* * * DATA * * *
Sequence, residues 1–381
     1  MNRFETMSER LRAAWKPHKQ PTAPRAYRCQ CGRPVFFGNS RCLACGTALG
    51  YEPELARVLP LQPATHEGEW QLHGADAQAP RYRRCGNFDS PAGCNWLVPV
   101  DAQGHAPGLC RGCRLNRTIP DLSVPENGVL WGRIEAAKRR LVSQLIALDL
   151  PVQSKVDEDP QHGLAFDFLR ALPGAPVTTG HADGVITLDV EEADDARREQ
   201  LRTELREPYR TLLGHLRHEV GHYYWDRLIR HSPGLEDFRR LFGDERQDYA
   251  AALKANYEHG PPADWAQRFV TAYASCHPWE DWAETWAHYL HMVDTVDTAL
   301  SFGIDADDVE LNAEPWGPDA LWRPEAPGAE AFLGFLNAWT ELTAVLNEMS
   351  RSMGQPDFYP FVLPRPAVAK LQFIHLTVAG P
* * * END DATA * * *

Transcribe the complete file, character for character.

Sequence, residues 1–381
     1  MNRFETMSER LRAAWKPHKQ PTAPRAYRCQ CGRPVFFGNS RCLACGTALG
    51  YEPELARVLP LQPATHEGEW QLHGADAQAP RYRRCGNFDS PAGCNWLVPV
   101  DAQGHAPGLC RGCRLNRTIP DLSVPENGVL WGRIEAAKRR LVSQLIALDL
   151  PVQSKVDEDP QHGLAFDFLR ALPGAPVTTG HADGVITLDV EEADDARREQ
   201  LRTELREPYR TLLGHLRHEV GHYYWDRLIR HSPGLEDFRR LFGDERQDYA
   251  AALKANYEHG PPADWAQRFV TAYASCHPWE DWAETWAHYL HMVDTVDTAL
   301  SFGIDADDVE LNAEPWGPDA LWRPEAPGAE AFLGFLNAWT ELTAVLNEMS
   351  RSMGQPDFYP FVLPRPAVAK LQFIHLTVAG P